Section 1031 exchanges have been on the government’s chopping block for years. Yet, legislators need to take a hard look at just how substantial the 1031 exchange is to the entire US economy. There is potential that the proposed tax reform, and subsequent impact on like kind exchanges, could set us on a path towards another recession.
Section 1031 is typically associated with the commercial real estate industry, although it also applies to personal property, such as gold coins, artwork, aircrafts, commercial fishing boats, and a variety of other items. The code allows a property owner to sell a property without having to initially pay the taxes on any proceeds from that sale, as long as those proceeds are being reinvested into a similar property. These are also referred to as a like-kind exchanges, due to the fact that property owners are essentially “exchanging” commercial real estate or personal property for a similar kind of property.
In the real estate industry a significant amount of activity in today’s market is derived from 1031 exchanges. According to a recent Forbes article, annual total transaction volume is between $400 billion and $500 billion and an estimated 30% of that volume is transacted using 1031 exchanges.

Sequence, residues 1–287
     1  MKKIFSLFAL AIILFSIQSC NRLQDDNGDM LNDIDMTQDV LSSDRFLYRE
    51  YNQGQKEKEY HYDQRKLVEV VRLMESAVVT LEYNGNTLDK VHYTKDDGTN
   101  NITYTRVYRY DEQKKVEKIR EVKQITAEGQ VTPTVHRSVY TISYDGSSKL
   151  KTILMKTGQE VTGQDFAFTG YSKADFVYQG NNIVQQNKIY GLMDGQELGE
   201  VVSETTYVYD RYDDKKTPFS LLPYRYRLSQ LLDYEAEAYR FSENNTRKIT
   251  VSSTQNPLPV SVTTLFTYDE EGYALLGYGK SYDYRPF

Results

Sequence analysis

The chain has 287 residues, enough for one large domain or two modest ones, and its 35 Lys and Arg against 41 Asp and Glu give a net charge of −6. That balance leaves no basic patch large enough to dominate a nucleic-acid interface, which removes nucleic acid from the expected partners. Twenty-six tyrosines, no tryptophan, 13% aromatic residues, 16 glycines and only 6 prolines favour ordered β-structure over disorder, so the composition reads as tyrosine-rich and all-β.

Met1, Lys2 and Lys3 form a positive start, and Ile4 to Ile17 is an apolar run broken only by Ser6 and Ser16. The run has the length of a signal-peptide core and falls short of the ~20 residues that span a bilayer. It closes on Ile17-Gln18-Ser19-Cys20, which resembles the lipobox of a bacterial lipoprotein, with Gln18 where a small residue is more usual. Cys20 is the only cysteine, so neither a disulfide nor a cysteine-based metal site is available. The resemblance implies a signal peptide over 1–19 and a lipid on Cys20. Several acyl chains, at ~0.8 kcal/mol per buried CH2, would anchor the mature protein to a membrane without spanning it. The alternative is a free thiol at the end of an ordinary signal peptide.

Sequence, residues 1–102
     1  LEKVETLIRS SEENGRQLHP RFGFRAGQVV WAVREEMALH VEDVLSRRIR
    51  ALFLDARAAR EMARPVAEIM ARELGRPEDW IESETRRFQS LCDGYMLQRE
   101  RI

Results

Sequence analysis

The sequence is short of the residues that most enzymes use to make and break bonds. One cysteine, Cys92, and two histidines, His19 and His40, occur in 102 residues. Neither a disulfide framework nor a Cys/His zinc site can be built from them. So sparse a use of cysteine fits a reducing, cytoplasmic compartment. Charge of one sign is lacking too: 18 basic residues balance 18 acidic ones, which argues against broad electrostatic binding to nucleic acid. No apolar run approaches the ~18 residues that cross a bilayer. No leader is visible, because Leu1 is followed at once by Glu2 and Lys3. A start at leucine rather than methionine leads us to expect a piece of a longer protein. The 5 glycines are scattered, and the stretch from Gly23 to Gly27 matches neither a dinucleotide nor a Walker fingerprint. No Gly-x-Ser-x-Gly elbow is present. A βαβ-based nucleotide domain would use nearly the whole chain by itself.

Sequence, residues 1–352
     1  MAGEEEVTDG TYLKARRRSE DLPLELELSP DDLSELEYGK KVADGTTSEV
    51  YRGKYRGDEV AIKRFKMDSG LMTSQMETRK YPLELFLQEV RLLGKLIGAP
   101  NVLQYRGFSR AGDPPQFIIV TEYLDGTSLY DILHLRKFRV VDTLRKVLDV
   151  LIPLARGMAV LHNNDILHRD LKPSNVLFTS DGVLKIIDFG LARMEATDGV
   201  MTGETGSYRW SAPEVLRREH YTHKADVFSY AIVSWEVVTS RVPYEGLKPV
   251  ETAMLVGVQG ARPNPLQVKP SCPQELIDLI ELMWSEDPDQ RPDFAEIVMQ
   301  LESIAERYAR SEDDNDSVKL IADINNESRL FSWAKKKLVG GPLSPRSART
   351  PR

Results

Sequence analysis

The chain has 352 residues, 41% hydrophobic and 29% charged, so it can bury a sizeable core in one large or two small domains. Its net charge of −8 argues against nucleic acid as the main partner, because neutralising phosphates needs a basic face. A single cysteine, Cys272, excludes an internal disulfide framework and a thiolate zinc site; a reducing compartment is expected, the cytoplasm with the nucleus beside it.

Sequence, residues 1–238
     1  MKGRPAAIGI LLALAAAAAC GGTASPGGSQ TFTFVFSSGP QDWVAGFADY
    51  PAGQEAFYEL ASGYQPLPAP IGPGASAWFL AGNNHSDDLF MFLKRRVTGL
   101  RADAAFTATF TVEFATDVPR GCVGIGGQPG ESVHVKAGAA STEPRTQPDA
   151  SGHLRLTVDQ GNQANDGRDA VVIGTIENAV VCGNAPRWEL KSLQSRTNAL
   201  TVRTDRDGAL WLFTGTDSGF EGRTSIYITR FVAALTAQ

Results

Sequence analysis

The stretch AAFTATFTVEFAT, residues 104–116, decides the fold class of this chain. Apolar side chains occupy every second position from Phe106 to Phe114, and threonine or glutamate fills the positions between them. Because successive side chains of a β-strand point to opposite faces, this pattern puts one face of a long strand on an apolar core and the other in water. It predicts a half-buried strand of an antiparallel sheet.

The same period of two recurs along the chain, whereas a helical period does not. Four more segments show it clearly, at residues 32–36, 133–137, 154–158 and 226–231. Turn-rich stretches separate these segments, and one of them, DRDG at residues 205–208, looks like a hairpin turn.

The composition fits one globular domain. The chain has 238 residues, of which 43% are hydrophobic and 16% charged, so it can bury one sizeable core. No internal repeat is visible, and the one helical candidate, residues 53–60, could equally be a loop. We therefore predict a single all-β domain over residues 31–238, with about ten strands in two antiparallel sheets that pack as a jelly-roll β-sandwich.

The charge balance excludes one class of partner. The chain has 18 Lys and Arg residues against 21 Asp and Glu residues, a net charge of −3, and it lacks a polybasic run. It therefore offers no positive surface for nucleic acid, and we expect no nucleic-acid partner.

The deals created by 1031 exchanges help fuel activity by keeping mortgage brokers, lenders, and banks busy with more deals and with origination fees. They keep appraisers, surveyors, phase one companies, inspection companies, and many others busy as well. Ultimately, the decrease in activity is going to influence cap rates, rents, tenant expansion, and that trickle-down effect will continue.
These 1031 exchanges create traction for a variety of sectors. The repeal could very well result in banks going underwater on a lot of commercial loans due to decreased values, possibly pulling the economy into another recession. It may also hit the government hard due to real estate tax values ceasing to increase.
The main push by legislators and the current administration is that the elimination of Section 1031 will help to offset the additional tax cuts being proposed. President Trump is pushing for a proposed corporate tax rate cut from 35 percent to 15 percent, as well as cutting individual tax rates in hopes of stimulating the economy.
Considering President Trump’s background in commercial real estate, you would think he would see the value and lean towards keeping Section 1031. In fact, he himself has used Section 1031 exchange laws as a tool to roll capital gains into two high-rise towers. It’s a powerful medium for generating tremendous economic activity, and simply put, without Section 1031, the economy is staring down devastating effects.